Tech startups in Southeast Asia are still largely unprofitable, with names like Sea Group and Grab amassing billions of losses annually.

Existing investors in the company are also actively advising founders to prepare for winter, Jussi Salovaara, Antler’s co-founder and managing partner for Asia, told CNBC. Venture capitalists are pushing founders to have a longer runway, he said.

Southeast Asia tech layoffs in 2022

Startup Employees affected
Glints 18% of total headcount
Sea Group 7,000+
GoTo Group 1,300
Zenius 200+
Carousell 110
Foodpanda 60
Carsome Less than 10% of total headcount
iPrice Group 50
StashAway 31
*this list is not exhaustive

Source: CNBC research

“We say to the founders that they need to be prepared that next year is not going to be easier than this year,” said Joe.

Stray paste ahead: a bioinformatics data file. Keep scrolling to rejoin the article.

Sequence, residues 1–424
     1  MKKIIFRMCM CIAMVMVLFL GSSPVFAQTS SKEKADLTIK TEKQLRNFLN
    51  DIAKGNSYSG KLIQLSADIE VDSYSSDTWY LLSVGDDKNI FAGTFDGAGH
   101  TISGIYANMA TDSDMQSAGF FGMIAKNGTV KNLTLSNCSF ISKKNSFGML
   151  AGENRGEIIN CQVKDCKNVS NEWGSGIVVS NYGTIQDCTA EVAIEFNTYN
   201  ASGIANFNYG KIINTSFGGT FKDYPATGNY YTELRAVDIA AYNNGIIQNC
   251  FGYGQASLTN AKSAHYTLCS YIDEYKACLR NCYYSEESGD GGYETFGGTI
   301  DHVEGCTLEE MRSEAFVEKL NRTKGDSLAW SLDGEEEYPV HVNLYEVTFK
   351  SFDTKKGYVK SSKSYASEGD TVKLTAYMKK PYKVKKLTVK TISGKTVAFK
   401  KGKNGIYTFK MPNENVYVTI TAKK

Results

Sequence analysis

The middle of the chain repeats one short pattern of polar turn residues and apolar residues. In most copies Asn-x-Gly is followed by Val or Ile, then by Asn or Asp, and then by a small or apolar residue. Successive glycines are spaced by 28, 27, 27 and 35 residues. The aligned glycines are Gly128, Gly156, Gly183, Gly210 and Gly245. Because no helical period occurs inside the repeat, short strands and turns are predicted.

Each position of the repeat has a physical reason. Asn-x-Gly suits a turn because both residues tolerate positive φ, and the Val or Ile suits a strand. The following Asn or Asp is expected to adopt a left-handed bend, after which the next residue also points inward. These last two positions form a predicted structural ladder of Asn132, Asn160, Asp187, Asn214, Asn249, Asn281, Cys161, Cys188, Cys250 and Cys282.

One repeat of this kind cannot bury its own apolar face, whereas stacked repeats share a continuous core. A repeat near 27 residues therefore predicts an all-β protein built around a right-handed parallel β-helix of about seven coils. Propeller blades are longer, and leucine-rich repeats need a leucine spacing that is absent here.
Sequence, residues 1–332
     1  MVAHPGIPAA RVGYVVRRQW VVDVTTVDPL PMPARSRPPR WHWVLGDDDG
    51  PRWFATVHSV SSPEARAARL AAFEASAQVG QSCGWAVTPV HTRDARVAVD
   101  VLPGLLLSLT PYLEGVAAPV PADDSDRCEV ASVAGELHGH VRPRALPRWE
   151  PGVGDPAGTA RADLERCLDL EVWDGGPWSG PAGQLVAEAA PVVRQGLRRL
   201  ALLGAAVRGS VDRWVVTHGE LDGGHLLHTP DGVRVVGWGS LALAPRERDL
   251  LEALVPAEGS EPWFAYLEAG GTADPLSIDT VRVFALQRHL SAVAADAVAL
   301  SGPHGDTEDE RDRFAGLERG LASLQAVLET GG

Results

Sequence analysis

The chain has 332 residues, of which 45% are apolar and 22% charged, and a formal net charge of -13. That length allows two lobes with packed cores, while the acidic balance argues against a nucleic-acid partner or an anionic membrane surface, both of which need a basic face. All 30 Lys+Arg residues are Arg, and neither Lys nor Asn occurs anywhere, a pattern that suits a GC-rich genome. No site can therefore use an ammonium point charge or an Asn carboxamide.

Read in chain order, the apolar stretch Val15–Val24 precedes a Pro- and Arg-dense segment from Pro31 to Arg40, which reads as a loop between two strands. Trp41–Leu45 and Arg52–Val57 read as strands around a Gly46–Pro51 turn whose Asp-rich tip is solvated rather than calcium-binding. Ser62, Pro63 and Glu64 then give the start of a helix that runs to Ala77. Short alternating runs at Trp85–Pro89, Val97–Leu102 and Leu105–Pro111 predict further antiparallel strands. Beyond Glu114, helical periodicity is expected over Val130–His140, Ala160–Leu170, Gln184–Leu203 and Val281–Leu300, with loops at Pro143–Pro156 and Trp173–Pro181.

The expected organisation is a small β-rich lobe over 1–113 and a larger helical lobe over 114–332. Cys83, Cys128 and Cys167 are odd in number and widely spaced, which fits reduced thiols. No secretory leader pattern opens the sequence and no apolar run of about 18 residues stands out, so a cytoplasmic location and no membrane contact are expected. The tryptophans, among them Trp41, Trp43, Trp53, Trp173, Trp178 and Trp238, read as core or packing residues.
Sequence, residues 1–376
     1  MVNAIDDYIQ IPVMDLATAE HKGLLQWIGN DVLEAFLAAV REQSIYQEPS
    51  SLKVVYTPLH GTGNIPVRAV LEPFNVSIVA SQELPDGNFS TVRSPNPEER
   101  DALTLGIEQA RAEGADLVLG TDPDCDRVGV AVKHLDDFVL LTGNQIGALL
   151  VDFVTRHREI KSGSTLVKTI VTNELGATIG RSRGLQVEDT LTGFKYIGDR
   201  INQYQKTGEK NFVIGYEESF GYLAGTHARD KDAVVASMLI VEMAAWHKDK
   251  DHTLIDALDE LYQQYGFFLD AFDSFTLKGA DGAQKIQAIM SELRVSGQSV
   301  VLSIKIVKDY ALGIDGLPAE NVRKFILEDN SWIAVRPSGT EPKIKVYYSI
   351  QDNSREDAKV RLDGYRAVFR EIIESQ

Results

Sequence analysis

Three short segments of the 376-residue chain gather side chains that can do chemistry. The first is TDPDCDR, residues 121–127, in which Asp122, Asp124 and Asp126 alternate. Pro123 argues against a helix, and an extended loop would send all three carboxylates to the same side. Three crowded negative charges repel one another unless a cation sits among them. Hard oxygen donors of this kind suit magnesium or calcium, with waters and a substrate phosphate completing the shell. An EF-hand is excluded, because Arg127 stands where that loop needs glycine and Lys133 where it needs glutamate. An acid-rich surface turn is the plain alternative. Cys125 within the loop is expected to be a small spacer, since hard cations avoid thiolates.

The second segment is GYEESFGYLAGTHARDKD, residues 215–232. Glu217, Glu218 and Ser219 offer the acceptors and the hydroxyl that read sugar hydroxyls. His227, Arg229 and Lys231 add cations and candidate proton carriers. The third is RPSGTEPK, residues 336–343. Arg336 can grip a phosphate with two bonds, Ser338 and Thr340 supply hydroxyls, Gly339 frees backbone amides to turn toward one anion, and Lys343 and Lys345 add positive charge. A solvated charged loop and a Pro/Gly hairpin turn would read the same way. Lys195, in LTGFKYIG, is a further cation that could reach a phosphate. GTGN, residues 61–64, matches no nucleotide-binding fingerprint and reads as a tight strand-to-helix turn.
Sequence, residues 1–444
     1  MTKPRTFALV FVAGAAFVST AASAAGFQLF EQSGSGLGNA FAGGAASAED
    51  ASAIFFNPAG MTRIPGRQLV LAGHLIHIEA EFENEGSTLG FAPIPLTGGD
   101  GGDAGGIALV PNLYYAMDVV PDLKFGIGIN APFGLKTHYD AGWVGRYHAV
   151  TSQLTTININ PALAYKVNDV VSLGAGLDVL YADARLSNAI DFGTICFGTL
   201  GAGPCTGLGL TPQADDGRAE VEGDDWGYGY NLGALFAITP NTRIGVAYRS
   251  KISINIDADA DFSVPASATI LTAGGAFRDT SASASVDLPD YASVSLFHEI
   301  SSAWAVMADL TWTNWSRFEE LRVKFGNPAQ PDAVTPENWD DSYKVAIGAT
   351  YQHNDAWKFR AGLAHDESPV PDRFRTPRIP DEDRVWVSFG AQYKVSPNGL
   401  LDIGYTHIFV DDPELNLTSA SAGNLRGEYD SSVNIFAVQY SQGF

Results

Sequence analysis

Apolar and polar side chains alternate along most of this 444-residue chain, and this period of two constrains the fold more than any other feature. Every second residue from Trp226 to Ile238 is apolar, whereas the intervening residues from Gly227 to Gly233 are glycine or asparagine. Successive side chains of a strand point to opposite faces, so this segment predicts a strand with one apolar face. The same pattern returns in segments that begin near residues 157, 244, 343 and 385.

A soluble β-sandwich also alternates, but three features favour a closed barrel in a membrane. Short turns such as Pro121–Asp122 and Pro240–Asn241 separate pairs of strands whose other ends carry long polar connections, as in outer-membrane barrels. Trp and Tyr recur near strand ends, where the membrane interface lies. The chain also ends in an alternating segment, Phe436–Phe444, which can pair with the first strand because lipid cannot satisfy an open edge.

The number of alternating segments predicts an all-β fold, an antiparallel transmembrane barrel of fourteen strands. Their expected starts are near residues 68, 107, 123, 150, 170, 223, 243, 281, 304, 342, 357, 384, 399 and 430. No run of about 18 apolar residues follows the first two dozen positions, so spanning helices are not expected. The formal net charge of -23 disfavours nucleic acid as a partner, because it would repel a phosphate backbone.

“These companies may be doing well operatively. They still have some growth. They might be close to profitability, but they need to make sure that they’re sustainable for the future,” added Salovaara.

Tech companies are only seeing the beginning of layoffs, said Kantrowitz.

Globally, tech companies have been conducting mass layoffs, especially the U.S. tech giants. For example, Meta cut about 11,000 jobs while Microsoft reportedly laid off less than 1,000 people due to a slowdown in growth.



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Goldman Sachs CEO David Solomon gets 29% pay cut to $25 million

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David Solomon, Chairman & CEO of Goldman Sachs, speaking on Squawk Box at the WEF in Davos, Switzerland on Jan. 23rd, 2023. 

Adam Galica | CNBC